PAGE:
Guerrilla Trash Removal

avatar 001Mrs. Stoneman and I went to the range again today.  She wanted more practice with her carry pistol, and I was determined to get 5-inch groups with the snubby.  It only took an hour to empty a box and a half of .38 Special ammo (Mrs. Stoneman’s pistol uses .22 caliber ammunition, and we never count it).

I achieved the groupings I was looking for (at 17 feet), but I recognized that more practice is needed – and therefore, more ammo.  What to do?

Then it hit me.  Guerrilla Trash Removal.

I could stop paying for trash removal and simply sneak over to a dumpster in the alley behind my house and steal space from the owners of the apartment building it’s behind!   I would save $25 a month and that would buy a box of ammo, each month, for my practice sessions.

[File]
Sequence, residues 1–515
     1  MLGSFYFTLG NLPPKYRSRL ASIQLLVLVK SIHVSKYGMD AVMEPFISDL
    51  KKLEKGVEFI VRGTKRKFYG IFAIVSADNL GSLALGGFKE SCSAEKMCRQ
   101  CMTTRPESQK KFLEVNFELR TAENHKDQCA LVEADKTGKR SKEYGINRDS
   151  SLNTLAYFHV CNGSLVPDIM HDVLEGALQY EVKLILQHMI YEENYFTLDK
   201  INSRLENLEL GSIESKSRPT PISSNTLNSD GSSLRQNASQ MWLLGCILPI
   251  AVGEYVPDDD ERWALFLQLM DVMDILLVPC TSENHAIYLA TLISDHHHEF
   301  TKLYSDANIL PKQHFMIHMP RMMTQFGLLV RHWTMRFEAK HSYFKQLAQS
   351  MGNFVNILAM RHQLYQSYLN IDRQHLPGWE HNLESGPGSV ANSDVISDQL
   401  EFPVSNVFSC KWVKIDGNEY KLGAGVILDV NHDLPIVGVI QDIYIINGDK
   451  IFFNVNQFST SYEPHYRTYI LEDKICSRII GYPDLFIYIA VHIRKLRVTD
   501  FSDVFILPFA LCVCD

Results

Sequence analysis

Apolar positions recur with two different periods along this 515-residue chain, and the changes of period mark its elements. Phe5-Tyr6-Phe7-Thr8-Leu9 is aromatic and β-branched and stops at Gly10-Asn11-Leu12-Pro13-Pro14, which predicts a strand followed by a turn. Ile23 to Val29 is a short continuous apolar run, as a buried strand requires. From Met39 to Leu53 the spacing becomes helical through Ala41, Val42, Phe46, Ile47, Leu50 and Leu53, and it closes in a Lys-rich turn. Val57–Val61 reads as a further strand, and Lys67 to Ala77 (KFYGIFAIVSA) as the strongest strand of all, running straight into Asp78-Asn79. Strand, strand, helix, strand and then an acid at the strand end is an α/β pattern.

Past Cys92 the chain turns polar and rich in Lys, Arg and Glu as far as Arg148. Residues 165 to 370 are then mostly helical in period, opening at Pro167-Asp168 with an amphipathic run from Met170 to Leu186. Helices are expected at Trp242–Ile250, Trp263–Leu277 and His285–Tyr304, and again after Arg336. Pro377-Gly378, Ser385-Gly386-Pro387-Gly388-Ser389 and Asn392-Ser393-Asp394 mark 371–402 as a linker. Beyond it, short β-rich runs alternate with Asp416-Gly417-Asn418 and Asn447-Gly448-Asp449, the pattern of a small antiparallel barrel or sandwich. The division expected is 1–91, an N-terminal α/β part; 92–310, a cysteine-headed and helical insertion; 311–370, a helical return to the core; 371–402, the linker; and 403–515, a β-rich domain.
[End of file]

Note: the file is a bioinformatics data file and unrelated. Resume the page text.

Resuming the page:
I probably won’t do that, but guerilla trash removal is one of the reasons why Mrs. Stoneman and I carry and practice.

Recently, after a third vehicle had shown up, within a few hours of each other, to dump trash into that dumpster, (none of which belonged to the apartment building), I called the police to ask if anything could be done – it was starting to overflow.  The dispatcher rerouted my call to a Detective with the Drug Enforcement Task Force.  That surprised me.  Since when was the Drug Enforcement Task Force moonlighting as city code enforcement?

The detective educated me.  It seems that when you see guerrilla trash removal, you are witnessing a drug-related crime.  Whether that trash goes into a local dumpster or along a country road, the purpose is to get rid of “drug trash”.  Trash which would result in a felony charge if you were caught at home with it.  He also let me know that some occupants of the apartment across the alley from us were just “busted” for meth production in that house.

Great.  They’re cooking meth next door, and local thugs and drug dealers are using a dumpster next to my house to get rid of “drug trash”.

I need more practice.  And more ammo.